Today’s commentary is given by Fr Donagh O’Shea OP (http://goodnews.ie).
“If you love me, you will keep my commandments. And I will ask the Father, and he will give you another Advocate, to be with you forever. This is the Spirit of truth, whom the world cannot receive, because it neither sees him nor knows him. You know him, because he abides with you, and he will be in you. I will not leave you orphaned; I am coming to you. In a little while the world will no longer see me, but you will see me; because I live, you also will live. On that day you will know that I am in my Father, and you in me, and I in you. They who have my commandments and keep them are those who love me; and those who love me will be loved by my Father, and I will love them and reveal myself to them.” Judas (not Iscariot) said to him, “Lord, how is it that you will reveal yourself to us, and not to the world?” Jesus answered him, “Those who love me will keep my word, and my Father will love them, and we will come to them and make our home with them. Whoever does not love me does not keep my words; and the word that you hear is not mine, but is from the Father who sent me. I have said these things to you while I am still with you. But the Advocate, the Holy Spirit, whom the Father will send in my name, will teach you everything, and remind you of all that I have said to you.”
“Without the Holy Spirit,” said Ignatius of Laodicea (Orthodox Metropolitan, at the third assembly of the World Council of Churches at Uppsala, in 1968) “God is distant, Christ is merely an historical figure, the Gospel is a dead letter, the Church is just an organisation, authority is domination, mission is propaganda, liturgy is only nostalgia, and the work of Christians is slave labour. But with the Holy Spirit, Christ is risen and present, the Gospel is a living force, the Church is a communion in the life of the Trinity, authority is a service that sets people free, mission is Pentecost, the liturgy is memory and anticipation, and the labour of Christians is divinised.”
The Holy Spirit is the soul of the Church. The feast of Pentecost is an annual invitation to the Church to look into itself and discover its soul. It is tempted, like all of us, to keep looking the other way.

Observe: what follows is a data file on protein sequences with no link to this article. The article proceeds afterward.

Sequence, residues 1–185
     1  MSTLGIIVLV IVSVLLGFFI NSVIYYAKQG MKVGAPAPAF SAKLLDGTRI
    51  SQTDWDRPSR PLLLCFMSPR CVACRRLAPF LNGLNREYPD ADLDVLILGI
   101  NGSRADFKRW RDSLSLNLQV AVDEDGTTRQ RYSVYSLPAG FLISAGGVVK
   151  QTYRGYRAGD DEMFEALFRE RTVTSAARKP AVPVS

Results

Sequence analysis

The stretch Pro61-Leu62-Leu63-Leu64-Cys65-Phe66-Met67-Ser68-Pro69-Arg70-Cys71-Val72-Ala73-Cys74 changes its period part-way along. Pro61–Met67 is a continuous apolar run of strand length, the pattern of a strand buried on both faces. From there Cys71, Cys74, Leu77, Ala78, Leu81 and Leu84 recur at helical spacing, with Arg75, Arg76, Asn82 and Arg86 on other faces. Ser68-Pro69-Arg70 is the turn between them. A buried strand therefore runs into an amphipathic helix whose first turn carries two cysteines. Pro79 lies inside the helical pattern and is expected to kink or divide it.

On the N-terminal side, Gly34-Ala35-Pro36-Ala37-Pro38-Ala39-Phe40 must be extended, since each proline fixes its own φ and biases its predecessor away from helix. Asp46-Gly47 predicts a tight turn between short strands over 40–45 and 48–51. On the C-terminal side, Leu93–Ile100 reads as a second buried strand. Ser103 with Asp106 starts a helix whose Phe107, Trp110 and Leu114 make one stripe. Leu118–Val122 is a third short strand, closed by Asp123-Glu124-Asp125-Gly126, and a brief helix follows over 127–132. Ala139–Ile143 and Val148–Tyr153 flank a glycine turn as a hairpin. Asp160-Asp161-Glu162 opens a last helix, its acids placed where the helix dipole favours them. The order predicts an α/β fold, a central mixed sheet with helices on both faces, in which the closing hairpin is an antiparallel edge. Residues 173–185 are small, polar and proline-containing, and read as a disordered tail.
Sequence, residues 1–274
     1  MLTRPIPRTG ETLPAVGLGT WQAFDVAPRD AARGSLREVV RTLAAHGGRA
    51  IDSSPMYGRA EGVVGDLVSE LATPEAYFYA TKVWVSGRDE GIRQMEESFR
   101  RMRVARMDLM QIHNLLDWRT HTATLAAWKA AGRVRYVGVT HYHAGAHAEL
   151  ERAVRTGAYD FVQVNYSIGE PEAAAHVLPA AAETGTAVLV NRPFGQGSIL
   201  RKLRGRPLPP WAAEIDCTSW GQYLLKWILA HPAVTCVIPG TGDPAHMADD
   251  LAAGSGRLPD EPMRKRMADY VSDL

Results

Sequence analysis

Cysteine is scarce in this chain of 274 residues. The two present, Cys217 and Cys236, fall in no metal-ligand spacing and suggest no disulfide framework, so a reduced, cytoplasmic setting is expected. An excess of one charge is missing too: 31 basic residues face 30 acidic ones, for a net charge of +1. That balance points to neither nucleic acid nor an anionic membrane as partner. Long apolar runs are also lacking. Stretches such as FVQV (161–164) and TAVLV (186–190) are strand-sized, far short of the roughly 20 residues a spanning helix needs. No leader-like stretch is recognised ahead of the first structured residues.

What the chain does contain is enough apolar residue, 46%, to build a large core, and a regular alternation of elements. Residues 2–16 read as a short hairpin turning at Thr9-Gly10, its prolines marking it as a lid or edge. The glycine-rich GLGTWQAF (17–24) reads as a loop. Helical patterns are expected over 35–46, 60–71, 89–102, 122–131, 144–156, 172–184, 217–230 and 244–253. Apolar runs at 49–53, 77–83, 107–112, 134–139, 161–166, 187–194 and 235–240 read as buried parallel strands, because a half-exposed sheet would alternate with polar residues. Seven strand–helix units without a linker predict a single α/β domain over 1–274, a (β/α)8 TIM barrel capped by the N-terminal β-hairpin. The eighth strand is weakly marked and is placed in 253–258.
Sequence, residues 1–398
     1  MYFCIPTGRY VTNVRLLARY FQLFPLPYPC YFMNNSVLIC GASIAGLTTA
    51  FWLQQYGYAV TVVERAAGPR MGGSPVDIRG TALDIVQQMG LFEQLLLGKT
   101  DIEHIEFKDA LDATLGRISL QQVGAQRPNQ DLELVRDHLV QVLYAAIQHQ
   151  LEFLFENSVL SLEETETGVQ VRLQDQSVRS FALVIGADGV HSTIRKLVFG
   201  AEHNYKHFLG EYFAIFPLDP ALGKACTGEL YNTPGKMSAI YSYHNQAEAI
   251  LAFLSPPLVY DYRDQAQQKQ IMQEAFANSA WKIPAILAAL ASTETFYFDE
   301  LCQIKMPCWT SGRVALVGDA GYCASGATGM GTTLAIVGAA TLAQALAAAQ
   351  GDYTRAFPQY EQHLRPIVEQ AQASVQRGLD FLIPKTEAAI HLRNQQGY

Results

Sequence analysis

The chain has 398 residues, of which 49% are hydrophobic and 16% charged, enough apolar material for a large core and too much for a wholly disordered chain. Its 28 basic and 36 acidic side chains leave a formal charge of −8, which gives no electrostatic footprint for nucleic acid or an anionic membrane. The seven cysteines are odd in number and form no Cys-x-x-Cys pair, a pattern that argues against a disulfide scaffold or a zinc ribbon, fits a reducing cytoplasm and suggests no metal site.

In one sense it is more natural to forget about one’s inner life and to get on with one’s work. If you are always worrying about your heart or your liver, etc., you will not take risks or do a lot of work. A healthy person just goes to it. The Holy Spirit is the soul of the Church, and there is a sense in which that Spirit likes to work unseen, undeclared. “It is not those who say to me, ‘Lord, Lord!’ who will enter the kingdom of heaven” (Matthew 7:21). Adapting Jesus’ words we could say, It is not those who say ‘Holy Spirit!’ who will enter the kingdom of heaven. It is those who live by the Spirit. During the 2nd Vatican Council an Eastern bishop complained that there was little mention of the Holy Spirit in the documents. But something tells us that talking about the Spirit is not the same thing as living by the Spirit.
However, we do have to pay attention to that inner place, to see by what spirit we are being driven. If you never paid any attention to your health you would be asking for trouble. Today’s feast is a reminder.
But obviously there is much more to it than this. Traditional images of the Holy Spirit are: Fire, Wind, Water, Cloud, Dove…. Why such strange images? All of them (except ‘dove’) have indeterminate boundaries or no boundaries at all. They are reminders that we should not dare to restrict the activity of the Spirit to a few things we can understand.
O Dove, O Flame, O Water, Wind and Cloud…!
O love that lifts us wholly into God!
The Holy Spirit lives in us but is not confined in us. It is God; rather than being diminished in us, it “lifts us wholly into God,” as the poet said. Any soul is for expansion, not constriction. Things that have no soul – sticks and stones – are restricted entirely to themselves; plants have a certain ability to reach beyond themselves, for food and for propagating their species; animals still more. But human beings are able to reach vastly beyond themselves and touch the depths of everything. This capacity is enlarged infinitely by the indwelling of the Holy Spirit, so that we can touch even the depths of God. “The Spirit searches all things,” St Paul wrote, “even the deep things of God. For who knows the thoughts of a person except the person’s own inner spirit? In the same way no one knows the thoughts of God except the Spirit of God. We have not received the spirit of the world but the Spirit who is from God, that we may understand what God has freely given us” (1 Cor 2:10).
In a daring image the same poet, Jessica Powers, wrote that silence is a sort of decoy of the Holy Spirit. Just as hunters attract the flying birds out of the sky by placing a plastic or wooden model of them on the ground, we call down God’s Spirit by our silence.
The decoy of silence,
hope’s unuttered sigh,
that the Ultimate Silence
drift down from the sky.